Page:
Homer & Langley by E.L. Doctorow is a fictionalized telling of the story of the Collyer brothers — two eccentric New York brothers from a wealthy family, living in a spacious brownstone on 5th Avenue. They became famous, not for their wealth or their looks or their philanthropy, but for their compulsive hoarding. It’s a tragic story and Doctorow’s fictionalized account is compelling reading, trying to give some background and insight into the lives of these famous recluses.
Homer and Langley Collyer were born in the early 1880’s. Their father, Herman, was a well-known doctor; their mother, Susie, a former opera singer. They lived privileged lives in a splendid three-story brownstone on 5th Avenue in New York City, across from Central Park. Homer was a gifted pianist and played all his life, even though he lost his sight as a teenager. Langley was a soldier in World War I, discharged after he was wounded, exposed to mustard gas. He came home to find that both of his parents had died of the Spanish Flu and his blind younger brother was running the household.
Over the years, Langley’s eccentricities began to worsen. He collected newspapers, buying every edition sold in the city every day, morning and evening, and then clipping and sorting the articles as part of his plan to create a singular newspaper edition that covered all the stories every likely to be told. He could not buy one of anything: when Homer needed a typewriter, Langley bought a dozen different brands for him to try. He scavenged the city, looking for bits and pieces that he could incorporate into his grand designs. With each setback — the loss of a girlfriend, the death of their longtime housekeeper, a run-in with city employees — his paranoia becomes deeper and his compulsions more dangerous.
Homer is a hostage to his brother’s lunacy, although he seems content. Their world, always rather insulated, begins to shrink until they are all alone in their boarded up house. They have no phone, no electricity, no water — once a week, they wheel 2 baby carriages to an old horse pump at the end of the block. Everyone eventually leaves them. Their long-time housekeeper, Siobahn, dies. Their cook brings her son to live with them and for a while, Homer is immersed in the world of Harlem jazz clubs, but that also comes to a tragic end. The replacement housekeepers, the troupe of hippies who moves in for a time, a reporter that Homer meets in the park – everyone, eventually, falls away. Leaving the brothers to be buried under mountains of newspapers, books, car parts, folding chairs, typewriters, pianos, baby carriages and broken furniture.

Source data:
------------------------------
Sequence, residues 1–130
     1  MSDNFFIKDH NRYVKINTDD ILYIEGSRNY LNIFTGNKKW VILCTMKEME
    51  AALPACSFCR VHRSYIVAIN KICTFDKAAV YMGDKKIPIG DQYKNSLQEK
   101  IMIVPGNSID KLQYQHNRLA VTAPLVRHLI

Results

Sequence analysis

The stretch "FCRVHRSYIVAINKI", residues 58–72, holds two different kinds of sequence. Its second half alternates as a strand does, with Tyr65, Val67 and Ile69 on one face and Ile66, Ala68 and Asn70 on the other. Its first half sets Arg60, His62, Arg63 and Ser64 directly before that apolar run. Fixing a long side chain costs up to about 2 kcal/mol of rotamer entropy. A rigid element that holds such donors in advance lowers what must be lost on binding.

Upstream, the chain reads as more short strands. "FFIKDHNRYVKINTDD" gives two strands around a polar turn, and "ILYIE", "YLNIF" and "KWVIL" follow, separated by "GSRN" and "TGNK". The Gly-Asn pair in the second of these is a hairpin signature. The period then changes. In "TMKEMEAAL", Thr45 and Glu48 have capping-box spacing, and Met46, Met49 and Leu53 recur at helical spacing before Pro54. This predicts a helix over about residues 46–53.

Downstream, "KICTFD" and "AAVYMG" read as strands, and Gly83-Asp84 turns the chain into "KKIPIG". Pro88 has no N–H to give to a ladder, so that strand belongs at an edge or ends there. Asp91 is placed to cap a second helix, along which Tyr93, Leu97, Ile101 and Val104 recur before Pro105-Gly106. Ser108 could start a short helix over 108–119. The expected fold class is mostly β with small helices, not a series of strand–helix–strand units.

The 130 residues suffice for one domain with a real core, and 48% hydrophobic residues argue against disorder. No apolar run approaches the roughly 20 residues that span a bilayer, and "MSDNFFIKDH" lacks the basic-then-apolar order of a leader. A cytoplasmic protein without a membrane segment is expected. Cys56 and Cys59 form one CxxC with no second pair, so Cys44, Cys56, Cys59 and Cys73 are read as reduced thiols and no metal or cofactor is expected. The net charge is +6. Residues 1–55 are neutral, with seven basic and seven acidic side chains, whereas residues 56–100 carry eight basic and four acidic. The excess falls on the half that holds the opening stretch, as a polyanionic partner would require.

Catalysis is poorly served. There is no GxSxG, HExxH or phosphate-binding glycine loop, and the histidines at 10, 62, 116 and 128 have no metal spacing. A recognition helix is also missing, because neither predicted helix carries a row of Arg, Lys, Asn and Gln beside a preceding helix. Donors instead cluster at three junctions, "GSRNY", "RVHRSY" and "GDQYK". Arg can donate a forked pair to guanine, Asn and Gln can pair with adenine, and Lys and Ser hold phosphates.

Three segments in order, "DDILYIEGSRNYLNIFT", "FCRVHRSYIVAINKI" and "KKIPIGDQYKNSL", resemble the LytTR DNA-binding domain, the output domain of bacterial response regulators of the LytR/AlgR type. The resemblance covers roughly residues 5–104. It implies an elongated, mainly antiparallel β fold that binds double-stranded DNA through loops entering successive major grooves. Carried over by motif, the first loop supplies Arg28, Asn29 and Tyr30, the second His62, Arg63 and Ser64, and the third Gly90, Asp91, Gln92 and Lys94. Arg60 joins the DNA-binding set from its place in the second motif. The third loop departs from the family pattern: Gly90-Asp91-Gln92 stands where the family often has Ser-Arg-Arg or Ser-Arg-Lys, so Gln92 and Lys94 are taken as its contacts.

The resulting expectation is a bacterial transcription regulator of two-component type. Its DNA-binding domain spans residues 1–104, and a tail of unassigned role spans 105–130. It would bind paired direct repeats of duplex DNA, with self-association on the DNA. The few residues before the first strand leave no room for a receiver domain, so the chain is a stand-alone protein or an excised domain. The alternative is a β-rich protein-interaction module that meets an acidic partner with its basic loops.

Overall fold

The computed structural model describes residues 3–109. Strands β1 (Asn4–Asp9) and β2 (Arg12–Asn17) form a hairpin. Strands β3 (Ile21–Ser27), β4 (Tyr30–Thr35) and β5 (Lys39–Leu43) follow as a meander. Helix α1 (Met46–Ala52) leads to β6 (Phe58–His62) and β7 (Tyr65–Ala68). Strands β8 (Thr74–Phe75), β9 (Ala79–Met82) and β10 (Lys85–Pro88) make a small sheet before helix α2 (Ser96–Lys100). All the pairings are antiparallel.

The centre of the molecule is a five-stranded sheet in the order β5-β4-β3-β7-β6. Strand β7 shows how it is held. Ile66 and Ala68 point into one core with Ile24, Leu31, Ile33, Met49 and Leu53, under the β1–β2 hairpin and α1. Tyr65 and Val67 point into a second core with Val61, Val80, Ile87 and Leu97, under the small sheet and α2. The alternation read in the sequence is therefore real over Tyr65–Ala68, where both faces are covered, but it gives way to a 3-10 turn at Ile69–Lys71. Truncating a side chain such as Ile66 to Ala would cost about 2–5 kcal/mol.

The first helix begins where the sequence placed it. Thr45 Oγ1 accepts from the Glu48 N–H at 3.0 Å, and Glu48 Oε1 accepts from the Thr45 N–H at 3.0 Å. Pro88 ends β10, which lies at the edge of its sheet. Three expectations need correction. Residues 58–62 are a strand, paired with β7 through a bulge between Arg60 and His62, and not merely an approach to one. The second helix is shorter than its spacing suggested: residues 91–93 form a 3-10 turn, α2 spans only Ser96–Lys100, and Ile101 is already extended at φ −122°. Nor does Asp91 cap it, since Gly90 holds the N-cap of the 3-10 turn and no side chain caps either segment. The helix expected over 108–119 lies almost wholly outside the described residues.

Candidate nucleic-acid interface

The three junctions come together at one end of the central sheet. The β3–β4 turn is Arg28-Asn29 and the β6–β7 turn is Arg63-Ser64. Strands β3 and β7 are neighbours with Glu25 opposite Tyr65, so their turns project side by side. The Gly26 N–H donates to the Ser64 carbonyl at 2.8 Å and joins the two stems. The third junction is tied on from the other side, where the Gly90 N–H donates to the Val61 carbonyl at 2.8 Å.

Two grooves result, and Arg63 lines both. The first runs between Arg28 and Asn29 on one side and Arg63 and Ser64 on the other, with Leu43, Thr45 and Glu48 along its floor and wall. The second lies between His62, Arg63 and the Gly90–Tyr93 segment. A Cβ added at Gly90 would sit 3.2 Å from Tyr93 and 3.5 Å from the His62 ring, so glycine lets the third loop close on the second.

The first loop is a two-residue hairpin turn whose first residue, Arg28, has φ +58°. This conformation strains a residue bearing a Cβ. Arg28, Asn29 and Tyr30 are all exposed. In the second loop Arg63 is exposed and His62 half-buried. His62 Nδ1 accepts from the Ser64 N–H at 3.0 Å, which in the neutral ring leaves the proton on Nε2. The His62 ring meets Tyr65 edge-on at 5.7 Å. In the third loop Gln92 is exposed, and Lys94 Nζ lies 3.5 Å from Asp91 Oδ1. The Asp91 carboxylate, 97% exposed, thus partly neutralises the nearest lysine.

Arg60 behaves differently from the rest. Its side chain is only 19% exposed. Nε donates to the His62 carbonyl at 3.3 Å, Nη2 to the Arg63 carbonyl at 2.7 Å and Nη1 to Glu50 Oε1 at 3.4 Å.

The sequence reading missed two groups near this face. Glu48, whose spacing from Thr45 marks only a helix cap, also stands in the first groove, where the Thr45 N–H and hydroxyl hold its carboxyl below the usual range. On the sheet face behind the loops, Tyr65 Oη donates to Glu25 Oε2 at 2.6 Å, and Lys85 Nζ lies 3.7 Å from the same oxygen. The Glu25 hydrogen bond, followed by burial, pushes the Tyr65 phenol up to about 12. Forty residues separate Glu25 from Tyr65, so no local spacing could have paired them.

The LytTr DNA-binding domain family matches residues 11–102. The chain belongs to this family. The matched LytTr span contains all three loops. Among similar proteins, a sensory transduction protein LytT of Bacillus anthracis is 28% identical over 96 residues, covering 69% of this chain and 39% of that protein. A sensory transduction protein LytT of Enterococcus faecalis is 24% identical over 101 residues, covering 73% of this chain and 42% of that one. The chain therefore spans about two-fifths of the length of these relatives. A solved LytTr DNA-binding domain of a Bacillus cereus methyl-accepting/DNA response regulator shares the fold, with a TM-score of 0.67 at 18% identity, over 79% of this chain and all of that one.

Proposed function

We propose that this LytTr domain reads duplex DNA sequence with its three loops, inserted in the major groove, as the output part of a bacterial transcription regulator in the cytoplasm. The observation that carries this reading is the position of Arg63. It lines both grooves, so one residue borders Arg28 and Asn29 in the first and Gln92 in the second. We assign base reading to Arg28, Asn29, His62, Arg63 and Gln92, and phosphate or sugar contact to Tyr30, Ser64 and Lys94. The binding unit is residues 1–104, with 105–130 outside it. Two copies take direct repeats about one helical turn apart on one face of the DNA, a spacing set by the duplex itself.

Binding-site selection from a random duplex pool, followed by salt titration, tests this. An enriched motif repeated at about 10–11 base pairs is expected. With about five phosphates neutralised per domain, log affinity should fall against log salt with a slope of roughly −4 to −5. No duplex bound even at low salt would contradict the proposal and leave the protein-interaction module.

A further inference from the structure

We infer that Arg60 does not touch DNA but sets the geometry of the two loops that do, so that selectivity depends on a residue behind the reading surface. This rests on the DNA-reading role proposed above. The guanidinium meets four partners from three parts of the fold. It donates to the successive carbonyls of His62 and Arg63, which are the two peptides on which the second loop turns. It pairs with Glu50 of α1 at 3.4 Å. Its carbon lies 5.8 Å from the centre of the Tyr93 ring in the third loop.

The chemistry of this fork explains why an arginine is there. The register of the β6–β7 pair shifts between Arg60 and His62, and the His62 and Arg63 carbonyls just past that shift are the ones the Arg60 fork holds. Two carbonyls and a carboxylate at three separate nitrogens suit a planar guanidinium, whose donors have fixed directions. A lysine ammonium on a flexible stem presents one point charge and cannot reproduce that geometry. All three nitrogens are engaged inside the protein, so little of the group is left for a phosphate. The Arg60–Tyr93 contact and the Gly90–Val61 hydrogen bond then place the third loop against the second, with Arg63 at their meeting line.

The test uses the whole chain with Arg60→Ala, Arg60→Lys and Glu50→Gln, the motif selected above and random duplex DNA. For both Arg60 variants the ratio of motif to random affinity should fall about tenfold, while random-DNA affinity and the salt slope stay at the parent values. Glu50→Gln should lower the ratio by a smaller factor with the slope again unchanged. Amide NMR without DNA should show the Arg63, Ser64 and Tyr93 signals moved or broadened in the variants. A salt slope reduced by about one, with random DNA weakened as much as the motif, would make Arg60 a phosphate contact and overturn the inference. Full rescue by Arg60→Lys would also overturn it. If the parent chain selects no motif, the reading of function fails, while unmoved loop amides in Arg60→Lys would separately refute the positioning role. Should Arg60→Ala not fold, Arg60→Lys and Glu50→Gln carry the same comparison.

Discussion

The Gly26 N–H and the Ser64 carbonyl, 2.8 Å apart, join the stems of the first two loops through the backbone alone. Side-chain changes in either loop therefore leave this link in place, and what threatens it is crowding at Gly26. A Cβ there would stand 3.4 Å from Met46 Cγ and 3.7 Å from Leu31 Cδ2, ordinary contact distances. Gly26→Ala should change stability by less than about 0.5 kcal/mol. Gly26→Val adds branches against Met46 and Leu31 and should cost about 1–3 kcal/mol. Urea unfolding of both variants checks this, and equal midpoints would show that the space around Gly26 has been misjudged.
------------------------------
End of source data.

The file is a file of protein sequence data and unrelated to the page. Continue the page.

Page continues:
Homer and Langley is a very fictionalized account and I am not sure I understand all the liberties Doctorow took. He reversed the brothers’ birth order (Homer was actually the elder). According to Wikipedia, Langley was the pianist in the family. The brothers actually died in 1947, although in the novel, they live into the 1970’s. Those changes aside, the book is a fascinating look at their descent into madness. Doctorow does an excellent job of filling in the gaps, painting a mural of what their lives might have been like, the justifications, the crazy theories, the way that Homer is slowly drawn in by his brother’s mental disorder.
When police finally cleaned out the Collyer mansion, they pulled 130 tons of trash out onto 5th Avenue. Although the brothers had substantial savings and investments, they lived in squalor, without basic utilities. The salvageable items brought only $2,000 at auction.
I admit that I am obsessed with shows like Hoarders. I am a terrible packrat (inherited that from my father), and I find that I have difficulty letting go of things. I’ve read several books on organizing and decluttering your house, but the easy organization tips never address the root of the problem, why you gather things and why you find it hard to let them go. I think I’ll be putting these pictures on my refrigerator as a reminder.
My copy of Homer & Langley was a Christmas gift from my sister.